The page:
As the day progressed, the tropical climate asserted itself fully. We were walking out in the open so baked in the full sun for the majority of the day. By about 1pm, the gradient started to get a bit more serious as we started to climb a spur up to a ridge leading to the Sembalun Rim.
Its post position 3 where the trek become a steep and rocky uphill climb. There are spots where you are literally climbing on all your fours. What is really insane is that your
Rinjani porters are climbing twice faster than you.
I can’t believe those guys are just wearing flip flops and carrying 40 kilograms of kitchenware on their shoulders without taking account all the equipment related to the tent, mattress, etc they need to bring over to the top. But the key is to do it at your own comfortable pace. After what seemed like a never ending rocks after rocks, we reached a flat area and the camp sites started peeking through the mountains.
We’ve finally arrived at Crater Rim!
While booking the trek we had read about the trash in the mountain. While we didn’t see much along the way, the littered camp sites tell a different story. Our crew found us a good spot on the edge of the hill with magnificent views and we were soon served fried banana as snack.
Snacks done, we settled in to wait for sunset as the mist dramatically swirled around inside the crater.
After the sun dipped below the horizon and the sky darkened, tiredness set in with the realisation that time was short before our early rise for the summit climb tomorrow. With that in mind, we took some dinner, then clambered into our tents, perched mere feet away from a somewhat frightening drop, and snatched some much-needed sleep.
At 2 AM, we awoke and left our tents to have some coffee before we began our 1,100-metre night ascent to Rinjani’s summit.
Now this was what was hardest for me. It was the most grueling but also the most rewarding day of the trek. When we set off at 2:30, we could already see a string of headlamps meandering up the ridge, to what looked like an almost impossible height. We ambled over the rim for a while before we hit our first challenge.
The ist hour is climbing an almost 45 degree slope of slippery ash and loose gravel . This doesn’t sound too bad on paper, but once you hit it, with nothing beyond your headlamp to gain bearings, and volcanic sand for purchase, thwarting every step you take, you begin to regard it in a new light.
The climb gets relatively easier in the second half but the cold winds make up for the relief. Over a distance of about a kilometre, you make a gradual ascent over a nice gentle ridge, with the cone of Rinjani to your left and a massive drop down to Barujari to your right. It was a good opportunity for me to get my bearings and get a feel for how far I had to go.
I could see the black profile of the summit against the slightly brighter backdrop of the sky, and while the remaining ascent still looked intimidating, I knew then that I would, in fact, be able to make the summit. I had given up all hope of achieving the summit before dawn, but that was a minor loss at that stage of the game.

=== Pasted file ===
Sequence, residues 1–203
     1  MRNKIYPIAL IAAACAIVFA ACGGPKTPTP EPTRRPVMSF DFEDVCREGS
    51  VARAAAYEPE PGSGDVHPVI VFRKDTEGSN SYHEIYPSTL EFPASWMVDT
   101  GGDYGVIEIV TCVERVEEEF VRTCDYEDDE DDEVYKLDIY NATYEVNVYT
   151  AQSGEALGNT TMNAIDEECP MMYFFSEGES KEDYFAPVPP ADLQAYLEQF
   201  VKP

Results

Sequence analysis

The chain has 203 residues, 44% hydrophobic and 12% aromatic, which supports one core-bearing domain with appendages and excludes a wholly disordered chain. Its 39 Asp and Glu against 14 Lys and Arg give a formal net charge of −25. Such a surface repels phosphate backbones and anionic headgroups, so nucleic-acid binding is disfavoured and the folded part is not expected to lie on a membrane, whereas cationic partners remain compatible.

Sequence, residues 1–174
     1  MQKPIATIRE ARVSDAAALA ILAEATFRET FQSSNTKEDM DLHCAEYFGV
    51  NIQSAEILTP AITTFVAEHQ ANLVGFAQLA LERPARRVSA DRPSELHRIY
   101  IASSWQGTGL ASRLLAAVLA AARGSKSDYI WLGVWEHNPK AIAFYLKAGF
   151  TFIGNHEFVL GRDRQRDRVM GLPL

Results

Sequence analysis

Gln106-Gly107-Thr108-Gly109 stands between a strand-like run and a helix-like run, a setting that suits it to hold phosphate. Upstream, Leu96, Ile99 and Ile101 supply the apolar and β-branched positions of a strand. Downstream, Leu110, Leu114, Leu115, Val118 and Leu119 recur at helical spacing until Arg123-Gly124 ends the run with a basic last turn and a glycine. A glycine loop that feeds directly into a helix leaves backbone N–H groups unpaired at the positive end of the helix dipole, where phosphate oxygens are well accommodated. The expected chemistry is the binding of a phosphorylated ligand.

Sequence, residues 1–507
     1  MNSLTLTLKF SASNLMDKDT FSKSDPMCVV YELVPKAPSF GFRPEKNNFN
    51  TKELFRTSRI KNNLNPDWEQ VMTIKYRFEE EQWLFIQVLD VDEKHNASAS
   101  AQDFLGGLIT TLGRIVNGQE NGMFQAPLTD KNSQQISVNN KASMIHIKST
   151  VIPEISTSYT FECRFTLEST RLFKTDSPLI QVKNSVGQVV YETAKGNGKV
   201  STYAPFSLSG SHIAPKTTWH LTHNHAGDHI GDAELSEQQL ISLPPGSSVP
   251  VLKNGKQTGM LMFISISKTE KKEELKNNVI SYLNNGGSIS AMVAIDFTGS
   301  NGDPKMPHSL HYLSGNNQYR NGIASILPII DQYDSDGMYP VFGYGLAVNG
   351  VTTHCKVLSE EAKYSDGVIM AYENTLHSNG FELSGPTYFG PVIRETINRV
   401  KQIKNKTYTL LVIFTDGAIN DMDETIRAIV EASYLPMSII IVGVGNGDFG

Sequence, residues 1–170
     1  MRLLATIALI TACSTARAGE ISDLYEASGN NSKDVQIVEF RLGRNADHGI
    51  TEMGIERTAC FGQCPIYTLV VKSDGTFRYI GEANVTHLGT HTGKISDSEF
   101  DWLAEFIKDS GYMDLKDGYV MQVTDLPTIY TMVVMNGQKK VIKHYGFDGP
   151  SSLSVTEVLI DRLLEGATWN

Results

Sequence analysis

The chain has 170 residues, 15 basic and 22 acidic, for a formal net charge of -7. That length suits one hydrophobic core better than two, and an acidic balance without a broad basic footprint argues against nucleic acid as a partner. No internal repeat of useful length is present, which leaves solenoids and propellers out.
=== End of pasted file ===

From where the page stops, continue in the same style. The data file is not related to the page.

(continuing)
The final leg is where it gets the most challenging, mentally. As the sky began to lighten in earnest, and we hit an altitude of about 3,000 metres, we hit the third segment. I like to call this part of the climb ‘Struggle Street’. Struggle Street is another very steep 700-metre ascent up volcanic scree.
Its an almost 50 degree incline with loose rocks. For 2 steps you climb you are pushed back one and if you have jelly feet like I do, maintaining balance is equally challenging. The climb can get frustrating and a lot of people turn back half way. I took longer than what I anticipated but the 360 view ofLombok and the crater made up for the pain. The birds eye view of the rim allows one to fully appreciate how massive and beautiful Rinjani is.
The climb down is relatively easier albeit more slippery and takes around 2 hours. Slide through the gravel and it will feel like skiing :D. It was actually fun even though I fell like 5 times on the way down and completely covered with mud. We made it to the camp around 10 am and it was clear we will be giving the lake part of the trek a miss. We decided to leave the rim around 3 pm and head back to Sembalun the same way we came and camp near position 3 for the night. After a quick nap and lunch we headed back the same way.
The decent down was equally treacherous with loose gravel making each step shaky. By the time we reached camp, I was exhausted but still content with what the last two days have been. We feasted on some Nasee Goreng that our guide/porter prepared, chatted with the crew while sipping on Bintang and called it a night.
Next day was a breeze. We left camp around 7 and were back at Sembalun by 9:30. Our guide had invited us for lunch at his place. After feasting on some sambhal tofu and rice, we headed back towards Lombok for the last leg of our trip – Bali.
Part 3: Bali
Bali was total opposite to what our rest of our trip was. We had booked an airbnb resort in South Kuta and indulged ourselves in hot showers, much needed sleep, good food and massages. Too tired to be touristy, we did not step outside our resort while we indulged ourselves in the much needed rest.
2 days later, we were on a plane back home, leaving this gem of a country behind. But we plan to surely come back to explore more. Indonesia truly won our hearts.